Outer Limits – Experimental Presets for Bitwig 4
Outer Limits is a set of experimental tools and sound generators for Bitwig 4 and above. It includes 40+ highly specialised chains mostly based on the Grid. There’s not a lot of curated packs of presets for Bitwig around, so here’s a place to start!
Originally I have been creating these sounds for my own use, but since there’s been a bit of interest, I went through the (considerable) trouble of cleaning and setting everything up for a proper release.
There’s a glitch sequencer, additive and phase deformation synthesizers, pitch trackers, faux-analog saturation and dynamics tools, and so on.
I know many people are interested in this, and especially under Linux there’s not a lot of choice in commercial tools, so I decided to write this tutorial.
First of all, I want to say that in general I’m quite critical of tools like this for studio monitoring. No amount of corrective filtering can change the mass-spring characteristics of a headphone driver element. But I do believe that it can be useful to give at least more perspective. I assume that people reading this will know what headphone correction means, so I’m not going into any discussion on the fundamentals here.
The AutoEq project uses various freely available headphone measurement data to automatically calculate correction settings for both parametric and static-band EQ devices. It also creates impulse responses for convolution processing.
Continue reading Audio crafting #9 – Headphone correction with native Bitwig tools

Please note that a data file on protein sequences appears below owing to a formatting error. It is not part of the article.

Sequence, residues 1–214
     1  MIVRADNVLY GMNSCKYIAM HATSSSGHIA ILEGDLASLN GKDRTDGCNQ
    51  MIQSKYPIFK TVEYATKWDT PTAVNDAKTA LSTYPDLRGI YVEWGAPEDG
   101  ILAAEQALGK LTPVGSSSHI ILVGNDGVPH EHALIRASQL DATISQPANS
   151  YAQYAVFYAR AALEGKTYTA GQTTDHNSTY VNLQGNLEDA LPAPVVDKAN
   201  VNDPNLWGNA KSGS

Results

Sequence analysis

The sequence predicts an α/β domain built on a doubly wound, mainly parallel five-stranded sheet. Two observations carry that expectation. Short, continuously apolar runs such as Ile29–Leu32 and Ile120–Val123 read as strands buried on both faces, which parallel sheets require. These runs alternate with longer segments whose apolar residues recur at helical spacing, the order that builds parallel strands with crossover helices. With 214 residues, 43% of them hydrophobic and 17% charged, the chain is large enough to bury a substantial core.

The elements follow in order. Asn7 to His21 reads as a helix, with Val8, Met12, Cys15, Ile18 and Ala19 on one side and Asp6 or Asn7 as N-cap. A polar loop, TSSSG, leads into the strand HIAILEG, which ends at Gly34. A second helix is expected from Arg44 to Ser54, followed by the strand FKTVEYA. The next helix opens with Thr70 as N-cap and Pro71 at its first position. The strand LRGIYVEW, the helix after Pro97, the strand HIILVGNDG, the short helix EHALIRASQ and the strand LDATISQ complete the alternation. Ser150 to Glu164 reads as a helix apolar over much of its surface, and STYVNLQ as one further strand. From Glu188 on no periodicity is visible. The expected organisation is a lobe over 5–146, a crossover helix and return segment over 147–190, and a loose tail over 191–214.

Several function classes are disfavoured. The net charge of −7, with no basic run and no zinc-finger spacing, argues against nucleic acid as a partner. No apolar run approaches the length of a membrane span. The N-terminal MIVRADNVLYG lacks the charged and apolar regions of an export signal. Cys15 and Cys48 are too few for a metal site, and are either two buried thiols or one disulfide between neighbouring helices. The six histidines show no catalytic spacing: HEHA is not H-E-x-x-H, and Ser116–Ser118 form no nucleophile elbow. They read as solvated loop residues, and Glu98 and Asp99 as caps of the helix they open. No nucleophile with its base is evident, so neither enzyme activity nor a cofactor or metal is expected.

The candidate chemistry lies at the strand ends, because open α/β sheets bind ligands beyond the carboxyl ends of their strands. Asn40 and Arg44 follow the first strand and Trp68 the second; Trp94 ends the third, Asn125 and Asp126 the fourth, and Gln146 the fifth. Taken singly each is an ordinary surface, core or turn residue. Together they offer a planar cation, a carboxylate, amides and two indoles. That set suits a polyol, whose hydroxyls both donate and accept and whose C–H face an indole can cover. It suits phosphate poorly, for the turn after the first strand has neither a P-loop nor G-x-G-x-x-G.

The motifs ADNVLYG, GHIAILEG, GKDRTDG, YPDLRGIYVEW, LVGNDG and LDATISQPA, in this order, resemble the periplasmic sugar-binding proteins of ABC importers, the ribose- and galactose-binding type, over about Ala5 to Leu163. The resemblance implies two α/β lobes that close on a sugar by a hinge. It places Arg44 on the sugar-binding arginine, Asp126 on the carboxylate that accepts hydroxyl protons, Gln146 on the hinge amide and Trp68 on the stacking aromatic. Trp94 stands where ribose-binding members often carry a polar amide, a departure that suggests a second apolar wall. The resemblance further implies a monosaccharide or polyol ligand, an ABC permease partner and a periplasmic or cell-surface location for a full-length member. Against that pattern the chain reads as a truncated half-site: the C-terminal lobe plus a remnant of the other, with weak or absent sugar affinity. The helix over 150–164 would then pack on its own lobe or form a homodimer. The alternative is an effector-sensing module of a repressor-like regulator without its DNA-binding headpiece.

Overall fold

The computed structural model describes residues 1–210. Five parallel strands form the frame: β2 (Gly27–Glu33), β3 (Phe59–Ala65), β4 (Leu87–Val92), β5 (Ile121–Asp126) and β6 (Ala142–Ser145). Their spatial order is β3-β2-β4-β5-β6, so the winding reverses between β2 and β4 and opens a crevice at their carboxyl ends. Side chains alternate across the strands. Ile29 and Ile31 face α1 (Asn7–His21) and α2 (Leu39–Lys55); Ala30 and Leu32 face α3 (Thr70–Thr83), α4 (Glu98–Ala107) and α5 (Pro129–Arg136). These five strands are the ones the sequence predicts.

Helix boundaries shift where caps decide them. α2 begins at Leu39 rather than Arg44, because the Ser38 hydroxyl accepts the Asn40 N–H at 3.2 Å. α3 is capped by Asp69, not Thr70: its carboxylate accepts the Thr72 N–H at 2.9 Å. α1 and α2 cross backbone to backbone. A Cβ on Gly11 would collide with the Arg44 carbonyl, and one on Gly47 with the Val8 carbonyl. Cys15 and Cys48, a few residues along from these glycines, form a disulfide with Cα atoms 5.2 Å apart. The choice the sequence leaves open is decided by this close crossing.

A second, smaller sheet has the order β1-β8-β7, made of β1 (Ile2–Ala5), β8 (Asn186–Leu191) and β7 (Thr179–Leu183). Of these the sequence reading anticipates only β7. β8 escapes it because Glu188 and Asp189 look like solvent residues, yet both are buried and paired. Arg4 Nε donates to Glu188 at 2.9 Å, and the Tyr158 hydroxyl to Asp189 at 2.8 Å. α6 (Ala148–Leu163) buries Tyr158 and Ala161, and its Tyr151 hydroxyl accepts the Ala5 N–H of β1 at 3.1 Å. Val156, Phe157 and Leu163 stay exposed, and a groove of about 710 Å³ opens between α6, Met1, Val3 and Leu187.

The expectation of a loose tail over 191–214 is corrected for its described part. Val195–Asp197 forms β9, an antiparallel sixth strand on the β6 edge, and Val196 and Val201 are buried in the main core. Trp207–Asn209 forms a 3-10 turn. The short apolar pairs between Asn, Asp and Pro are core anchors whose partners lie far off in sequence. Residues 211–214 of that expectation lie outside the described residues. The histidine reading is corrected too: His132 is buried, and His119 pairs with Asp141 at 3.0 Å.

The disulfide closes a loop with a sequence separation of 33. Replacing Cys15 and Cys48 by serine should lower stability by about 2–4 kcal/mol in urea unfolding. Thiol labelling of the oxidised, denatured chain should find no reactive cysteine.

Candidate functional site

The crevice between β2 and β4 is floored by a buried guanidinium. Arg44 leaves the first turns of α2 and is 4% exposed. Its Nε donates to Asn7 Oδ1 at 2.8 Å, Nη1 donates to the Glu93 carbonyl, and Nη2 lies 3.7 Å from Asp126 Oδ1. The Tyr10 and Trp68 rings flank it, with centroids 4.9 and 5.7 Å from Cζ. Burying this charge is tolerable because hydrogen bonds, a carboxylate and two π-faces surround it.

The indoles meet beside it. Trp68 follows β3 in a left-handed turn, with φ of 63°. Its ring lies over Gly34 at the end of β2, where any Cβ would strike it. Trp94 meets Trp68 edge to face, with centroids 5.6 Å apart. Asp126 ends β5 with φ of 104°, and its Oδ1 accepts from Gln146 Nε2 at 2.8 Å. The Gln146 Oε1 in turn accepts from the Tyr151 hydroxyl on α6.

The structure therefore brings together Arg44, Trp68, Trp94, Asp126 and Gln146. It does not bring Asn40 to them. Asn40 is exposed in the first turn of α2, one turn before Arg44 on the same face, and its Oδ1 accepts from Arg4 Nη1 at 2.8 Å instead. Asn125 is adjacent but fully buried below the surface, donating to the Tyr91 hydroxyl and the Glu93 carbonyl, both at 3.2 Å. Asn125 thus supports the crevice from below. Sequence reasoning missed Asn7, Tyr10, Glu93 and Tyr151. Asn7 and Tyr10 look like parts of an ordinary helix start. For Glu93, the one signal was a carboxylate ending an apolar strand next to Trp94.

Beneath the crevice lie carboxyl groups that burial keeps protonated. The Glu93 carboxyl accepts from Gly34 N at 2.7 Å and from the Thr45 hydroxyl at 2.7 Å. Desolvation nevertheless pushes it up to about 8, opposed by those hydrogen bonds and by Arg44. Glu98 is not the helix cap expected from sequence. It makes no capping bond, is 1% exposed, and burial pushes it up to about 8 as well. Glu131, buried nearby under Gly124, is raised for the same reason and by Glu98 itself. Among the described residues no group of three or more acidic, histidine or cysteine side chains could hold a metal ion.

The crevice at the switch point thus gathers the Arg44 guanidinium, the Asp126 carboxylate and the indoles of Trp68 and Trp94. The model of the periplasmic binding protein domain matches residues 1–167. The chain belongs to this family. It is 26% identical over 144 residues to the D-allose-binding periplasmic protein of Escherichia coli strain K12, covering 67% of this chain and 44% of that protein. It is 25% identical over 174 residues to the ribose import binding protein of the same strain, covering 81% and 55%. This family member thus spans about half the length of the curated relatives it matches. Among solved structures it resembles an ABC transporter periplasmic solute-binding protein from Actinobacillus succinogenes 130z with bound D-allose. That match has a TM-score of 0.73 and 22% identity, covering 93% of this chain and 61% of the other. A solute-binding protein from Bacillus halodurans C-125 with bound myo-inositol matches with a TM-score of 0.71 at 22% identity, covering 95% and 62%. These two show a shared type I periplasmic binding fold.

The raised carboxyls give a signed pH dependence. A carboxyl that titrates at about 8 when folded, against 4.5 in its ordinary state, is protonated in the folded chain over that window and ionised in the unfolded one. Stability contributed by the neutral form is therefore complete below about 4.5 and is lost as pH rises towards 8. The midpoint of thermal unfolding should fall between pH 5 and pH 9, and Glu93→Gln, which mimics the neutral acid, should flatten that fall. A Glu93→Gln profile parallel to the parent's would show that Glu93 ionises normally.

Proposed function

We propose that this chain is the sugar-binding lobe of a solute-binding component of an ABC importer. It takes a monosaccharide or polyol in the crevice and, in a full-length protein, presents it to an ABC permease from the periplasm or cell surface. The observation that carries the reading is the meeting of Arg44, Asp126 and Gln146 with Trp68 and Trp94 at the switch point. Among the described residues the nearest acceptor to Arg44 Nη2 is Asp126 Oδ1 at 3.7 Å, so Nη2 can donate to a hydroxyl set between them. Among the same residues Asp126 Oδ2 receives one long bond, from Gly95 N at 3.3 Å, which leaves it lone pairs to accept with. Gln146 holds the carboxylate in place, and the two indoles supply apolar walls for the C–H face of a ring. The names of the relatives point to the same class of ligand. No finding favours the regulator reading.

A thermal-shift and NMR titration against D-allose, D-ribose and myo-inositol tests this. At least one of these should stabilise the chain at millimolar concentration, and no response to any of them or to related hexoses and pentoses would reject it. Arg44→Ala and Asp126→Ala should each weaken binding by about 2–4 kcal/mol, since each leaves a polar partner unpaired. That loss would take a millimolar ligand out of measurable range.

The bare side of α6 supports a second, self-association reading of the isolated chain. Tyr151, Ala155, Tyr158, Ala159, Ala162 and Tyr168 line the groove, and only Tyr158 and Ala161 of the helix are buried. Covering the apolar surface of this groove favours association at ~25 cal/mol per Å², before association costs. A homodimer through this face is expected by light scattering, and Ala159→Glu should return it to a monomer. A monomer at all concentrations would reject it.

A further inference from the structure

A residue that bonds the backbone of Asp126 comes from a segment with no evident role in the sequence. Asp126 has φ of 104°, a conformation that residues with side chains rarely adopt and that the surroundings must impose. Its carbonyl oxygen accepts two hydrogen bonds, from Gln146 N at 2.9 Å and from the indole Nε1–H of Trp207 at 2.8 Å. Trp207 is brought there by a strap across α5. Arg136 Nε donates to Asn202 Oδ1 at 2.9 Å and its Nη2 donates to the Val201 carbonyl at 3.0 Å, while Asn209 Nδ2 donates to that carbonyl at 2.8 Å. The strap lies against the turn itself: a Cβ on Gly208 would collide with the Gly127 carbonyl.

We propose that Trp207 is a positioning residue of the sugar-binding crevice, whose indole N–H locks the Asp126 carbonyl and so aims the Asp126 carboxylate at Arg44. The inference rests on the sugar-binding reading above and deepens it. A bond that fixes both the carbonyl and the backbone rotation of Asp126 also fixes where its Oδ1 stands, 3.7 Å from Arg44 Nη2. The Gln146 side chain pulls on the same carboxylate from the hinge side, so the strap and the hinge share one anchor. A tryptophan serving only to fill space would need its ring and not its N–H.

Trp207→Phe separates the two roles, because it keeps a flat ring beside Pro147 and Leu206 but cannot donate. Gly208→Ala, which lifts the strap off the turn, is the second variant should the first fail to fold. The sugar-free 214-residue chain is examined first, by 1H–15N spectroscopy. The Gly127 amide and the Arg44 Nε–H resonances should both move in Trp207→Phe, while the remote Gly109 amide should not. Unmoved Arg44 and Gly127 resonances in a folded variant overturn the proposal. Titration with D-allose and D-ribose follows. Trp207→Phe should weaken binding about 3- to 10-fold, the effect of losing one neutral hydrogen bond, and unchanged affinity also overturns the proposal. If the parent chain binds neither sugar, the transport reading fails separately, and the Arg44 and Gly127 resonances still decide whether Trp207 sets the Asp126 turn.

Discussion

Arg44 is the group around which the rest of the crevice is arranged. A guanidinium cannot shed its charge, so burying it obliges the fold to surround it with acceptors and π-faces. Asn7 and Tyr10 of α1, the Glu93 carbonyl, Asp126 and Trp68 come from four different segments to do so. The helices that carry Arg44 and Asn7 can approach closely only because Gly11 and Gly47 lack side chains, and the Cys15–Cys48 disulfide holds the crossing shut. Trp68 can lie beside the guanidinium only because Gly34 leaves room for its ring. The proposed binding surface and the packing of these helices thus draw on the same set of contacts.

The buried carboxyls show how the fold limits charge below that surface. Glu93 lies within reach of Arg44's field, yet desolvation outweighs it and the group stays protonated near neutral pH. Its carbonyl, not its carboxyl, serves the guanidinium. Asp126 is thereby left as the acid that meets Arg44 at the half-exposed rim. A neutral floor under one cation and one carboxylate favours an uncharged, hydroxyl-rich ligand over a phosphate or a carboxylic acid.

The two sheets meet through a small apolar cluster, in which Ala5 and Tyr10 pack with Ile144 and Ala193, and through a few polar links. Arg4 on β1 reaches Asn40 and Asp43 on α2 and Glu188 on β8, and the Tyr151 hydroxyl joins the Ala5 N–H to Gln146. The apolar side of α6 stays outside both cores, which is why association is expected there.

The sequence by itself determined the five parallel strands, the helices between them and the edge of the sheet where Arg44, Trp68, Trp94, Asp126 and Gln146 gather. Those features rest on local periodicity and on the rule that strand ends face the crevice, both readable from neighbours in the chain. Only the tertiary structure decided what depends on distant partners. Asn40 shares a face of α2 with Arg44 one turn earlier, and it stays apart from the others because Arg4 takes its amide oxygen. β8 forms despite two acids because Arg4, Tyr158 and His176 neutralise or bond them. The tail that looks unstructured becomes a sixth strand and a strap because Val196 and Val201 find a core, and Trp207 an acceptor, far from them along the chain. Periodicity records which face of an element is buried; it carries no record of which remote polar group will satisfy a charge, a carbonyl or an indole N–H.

In this tutorial, we will learn how to calculate semitone values for the individual partials in the harmonic series, and create a filter effect based on this, as well as modify this effect so that we can remove partials at will from sounds.
The tutorial assumes knowledge of Bitwig’s basic functionality.
Continue reading Audio crafting #7 – Harmonic effects for Bitwig 2.x
Originally this was just an experiment that got a bit out of hand, but eventually I found the instrument to be so useful to me that I went through the considerable trouble of cleaning it up for release.
Continue reading Audio crafting #6 – Poly modal impulse resonator synth for Bitwig 2.5
This will be a tutorial on a way to create generative music on Bitwig.
It will sound like this:
Everything here is written from the point of view of version 2.5 and upwards. Later versions might have different tools with what to expand of this considerably (The Grid in V3, etc). There’s a link to the completed project at the end of the post.
Continue reading Audio crafting #5 – Bitwig 2.5 generative music primer
Have you ever lamented how all synth sounds are so similar in timbre? And how sometimes using effects still fail to lose that uni-sound digital sheen on everything?
Today I will teach you the single most effective way to bring up and transform sounds in a mix that I am aware of, without using any effects. Continue reading audio crafting #3 – Physical filters
Hello, and welcome to the second installment of my audio crafting series.
This series aims to teach you about the fine craft of sound design by hand, and promote free non-commercial tools.
Ever wondered how it would be to be able to edit sounds in a more visual way just like paintings?
In case you are not yet familiar with the technology, I have good news: you can! Continue reading audio crafting #2 – Image editing of sounds
For some time I have been thinking about starting to write a series of inspirational journal entries about creative sound design. I assume that you are familiar with all functions of your DAW, as well as other basic sound processing methods. Sometimes you might need also special hardware.
I am mostly working in Linux using the KXStudio distribution and Bitwig, but the principles and mostly software too will be identical to any other OS.
First up: intelligent drum replacement by hand. Continue reading audio crafting #1, intelligent drum replacement